Ah, the modern television executive. Sure, as portrayed by Aaron Sorkin in "Studio 60," they can be both winsome and loyal, like Jordan McDeer, or well-oiled and amoral, like her boss, Jack Rudolph.
But the truth is, they're usually at neither extreme; mostly, they're just terrified.
What's been keeping them up at night? Your thumb, and in particular, its tendency press that little "fast forward" button on your TiVo or DVR.
Unbeknownst you, dear TV viewer, the TV networks have been under siege: This TV season, Madison Avenue got tough with the networks, insisting on paying only for so-called "live" viewing -- that is, not paying for ads where audiences were watching in "playback" mode. The advertisers' thinking was: if you're taping with a TiVo, you're probably skipping the ads.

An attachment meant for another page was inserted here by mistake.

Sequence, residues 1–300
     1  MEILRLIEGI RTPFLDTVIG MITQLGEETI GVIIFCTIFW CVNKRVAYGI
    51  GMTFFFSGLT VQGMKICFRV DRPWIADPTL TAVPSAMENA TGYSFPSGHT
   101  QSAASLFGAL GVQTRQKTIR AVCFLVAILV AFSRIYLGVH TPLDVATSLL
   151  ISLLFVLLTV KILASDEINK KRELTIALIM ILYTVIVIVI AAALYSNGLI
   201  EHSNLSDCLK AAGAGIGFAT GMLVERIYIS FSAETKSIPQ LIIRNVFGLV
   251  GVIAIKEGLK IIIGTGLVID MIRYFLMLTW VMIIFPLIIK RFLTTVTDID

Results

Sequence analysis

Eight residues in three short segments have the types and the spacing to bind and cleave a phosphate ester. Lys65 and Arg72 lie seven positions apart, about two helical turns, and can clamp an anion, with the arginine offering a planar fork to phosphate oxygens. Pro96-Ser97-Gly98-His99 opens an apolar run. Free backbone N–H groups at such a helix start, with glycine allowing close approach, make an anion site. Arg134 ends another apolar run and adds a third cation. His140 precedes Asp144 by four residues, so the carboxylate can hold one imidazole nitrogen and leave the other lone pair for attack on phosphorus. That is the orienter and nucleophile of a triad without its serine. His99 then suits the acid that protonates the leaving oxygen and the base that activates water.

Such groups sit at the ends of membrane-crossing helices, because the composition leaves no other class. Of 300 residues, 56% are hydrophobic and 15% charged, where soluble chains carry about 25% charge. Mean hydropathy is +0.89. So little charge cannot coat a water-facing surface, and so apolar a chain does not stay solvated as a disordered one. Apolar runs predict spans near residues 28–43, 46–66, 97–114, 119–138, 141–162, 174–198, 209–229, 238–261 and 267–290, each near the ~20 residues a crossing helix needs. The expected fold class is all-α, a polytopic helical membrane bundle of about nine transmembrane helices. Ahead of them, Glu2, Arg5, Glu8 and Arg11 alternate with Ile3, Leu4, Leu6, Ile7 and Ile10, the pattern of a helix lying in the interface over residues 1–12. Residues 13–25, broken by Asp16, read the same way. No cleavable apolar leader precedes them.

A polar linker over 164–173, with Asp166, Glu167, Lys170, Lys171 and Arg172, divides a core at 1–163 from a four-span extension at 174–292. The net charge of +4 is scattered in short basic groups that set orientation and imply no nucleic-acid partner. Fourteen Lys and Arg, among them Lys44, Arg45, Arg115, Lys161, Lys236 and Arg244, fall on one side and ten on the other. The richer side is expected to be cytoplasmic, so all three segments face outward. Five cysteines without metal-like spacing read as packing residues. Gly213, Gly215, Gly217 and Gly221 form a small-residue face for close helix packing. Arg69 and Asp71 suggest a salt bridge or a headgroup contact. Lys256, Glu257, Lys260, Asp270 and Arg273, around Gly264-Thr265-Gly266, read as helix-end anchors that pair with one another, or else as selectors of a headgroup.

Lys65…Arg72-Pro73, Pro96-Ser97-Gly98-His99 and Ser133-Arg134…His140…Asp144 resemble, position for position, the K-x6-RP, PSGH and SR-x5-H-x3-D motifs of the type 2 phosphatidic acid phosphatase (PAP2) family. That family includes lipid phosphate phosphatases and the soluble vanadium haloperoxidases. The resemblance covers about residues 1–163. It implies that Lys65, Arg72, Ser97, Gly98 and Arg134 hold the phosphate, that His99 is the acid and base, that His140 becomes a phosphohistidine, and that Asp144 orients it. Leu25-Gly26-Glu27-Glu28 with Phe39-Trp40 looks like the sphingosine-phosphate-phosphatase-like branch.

It was even more than mildly alarming when Nielsen, the company that measures who's watching what, announced it was going to offer advertisers live ratings of TV commercials.
Somewhat unsurprisingly, the networks freaked. Their counter-argument was: By their count, most folks who record shows almost always watch them within 48 hours of taping them, meaning that surely some of these people ought to be counted in their audience ratings, even if a recorded show doesn't always equal a watched show.
Per AdWeek (full disclosure: a magazine owned by the parent company of Nielsen, VNU), "According to one network's analysis, the numbers showed that about two-thirds of all playback of broadcast network prime-time programming (on ABC, CBS, NBC and Fox) took place the same day that it was recorded. About 75-80 percent of all playback occurred in the first two days, per Nielsen. The data fueled an ongoing industry debate as to how ads should be bought and sold in the future."
'Debate' is putting it mildly: Does it even matter what a show's ratings are if no one is watching the ads?